The HCV-related mortality rate in New York State surpassed the HIV-related mortality rate in 2012, indicating the severity of disease burden and the urgency for wider treatment availability.
NYSDOH AI guidelines are developed by committees of clinical experts through a consensus-driven process.
The NYSDOH AI Hepatitis C Virus Infection Guideline Committee was charged with developing evidence-based clinical recommendations for primary care providers in NYS who treat patients with chronic HCV infection.
The resulting recommendations are based on an extensive review of the medical literature and reflect consensus among this panel of HCV experts.
Each recommendation is rated for strength and for quality of the evidence (see Recommendation Rating Scheme, below).
Recommendation Rating Scheme: Hepatitis C Virus Infection Guideline Committee, July 2017 More than 50% of people with chronic hepatitis C virus (HCV) infection may not be aware of their infection .
Because approximately 75% of cases are among persons born between 19 [1-3], age-cohort screening of asymptomatic adults with no recognized risk factors is thought to increase identification and treatment for these patients.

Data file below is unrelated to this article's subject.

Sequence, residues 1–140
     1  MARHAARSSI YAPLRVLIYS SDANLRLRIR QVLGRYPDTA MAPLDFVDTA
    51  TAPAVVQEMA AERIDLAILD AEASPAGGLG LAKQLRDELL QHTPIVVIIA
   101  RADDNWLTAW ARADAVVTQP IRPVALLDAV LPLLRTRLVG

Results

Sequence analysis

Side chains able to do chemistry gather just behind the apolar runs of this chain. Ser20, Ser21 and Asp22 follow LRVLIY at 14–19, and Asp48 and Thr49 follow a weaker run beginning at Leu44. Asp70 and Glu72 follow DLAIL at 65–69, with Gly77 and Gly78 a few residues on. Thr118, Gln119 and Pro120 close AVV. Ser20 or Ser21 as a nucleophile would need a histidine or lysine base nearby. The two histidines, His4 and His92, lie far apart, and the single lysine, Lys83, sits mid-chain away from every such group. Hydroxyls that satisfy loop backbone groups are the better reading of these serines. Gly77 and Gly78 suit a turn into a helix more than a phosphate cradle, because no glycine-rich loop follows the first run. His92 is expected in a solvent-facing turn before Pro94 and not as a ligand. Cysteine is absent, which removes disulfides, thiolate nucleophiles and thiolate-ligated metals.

The Centers for Disease Control and Prevention (CDC) reported 162,863 cases of chronic HCV infection (past or present) nationwide in 2015 .
The number of reported cases in New York State (excluding New York City) and New York City for 2015 are provided in Box 1.
This guideline covers screening, diagnosis, pretreatment assessment, treatment, and post-treatment monitoring for primary care providers treating patients with chronic HCV infection.
In terms of HCV treatment, the guideline includes recommendations for initial HCV treatment in patients with and without cirrhosis and for retreatment in patients with and without cirrhosis who have failed previous DAA and non-DAA regimens.
From 1999 through 2013, deaths from primary liver cancer in the United States increased at the highest rate of all cancer sites, and liver cancer incidence rates increased sharply, second only to thyroid cancer .